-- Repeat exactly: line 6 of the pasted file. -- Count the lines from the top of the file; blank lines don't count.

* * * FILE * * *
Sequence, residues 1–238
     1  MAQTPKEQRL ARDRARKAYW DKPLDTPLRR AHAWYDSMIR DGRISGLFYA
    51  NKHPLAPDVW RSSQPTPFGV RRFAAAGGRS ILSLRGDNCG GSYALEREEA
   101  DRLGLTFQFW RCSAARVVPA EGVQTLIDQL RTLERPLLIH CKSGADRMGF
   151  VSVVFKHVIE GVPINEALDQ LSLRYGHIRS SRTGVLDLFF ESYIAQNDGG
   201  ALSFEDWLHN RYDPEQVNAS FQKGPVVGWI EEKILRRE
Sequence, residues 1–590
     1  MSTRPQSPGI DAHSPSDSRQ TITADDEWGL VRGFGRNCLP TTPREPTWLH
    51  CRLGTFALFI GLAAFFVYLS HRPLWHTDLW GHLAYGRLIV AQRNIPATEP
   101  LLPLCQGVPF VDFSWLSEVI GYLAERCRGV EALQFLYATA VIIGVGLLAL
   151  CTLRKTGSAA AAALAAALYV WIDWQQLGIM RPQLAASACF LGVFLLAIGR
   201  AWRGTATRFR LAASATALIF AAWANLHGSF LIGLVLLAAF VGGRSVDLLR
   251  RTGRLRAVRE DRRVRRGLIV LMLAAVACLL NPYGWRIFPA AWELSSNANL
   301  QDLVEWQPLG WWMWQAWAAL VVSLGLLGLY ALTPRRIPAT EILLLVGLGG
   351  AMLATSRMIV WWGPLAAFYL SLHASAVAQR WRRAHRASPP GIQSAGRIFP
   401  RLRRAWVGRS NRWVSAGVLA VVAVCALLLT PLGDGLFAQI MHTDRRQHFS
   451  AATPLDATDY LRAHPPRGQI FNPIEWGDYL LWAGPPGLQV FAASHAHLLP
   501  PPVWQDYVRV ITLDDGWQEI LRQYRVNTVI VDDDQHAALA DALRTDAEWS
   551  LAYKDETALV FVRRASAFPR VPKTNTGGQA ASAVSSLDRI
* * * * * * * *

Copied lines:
   201  ALSFEDWLHN RYDPEQVNAS FQKGPVVGWI EEKILRRE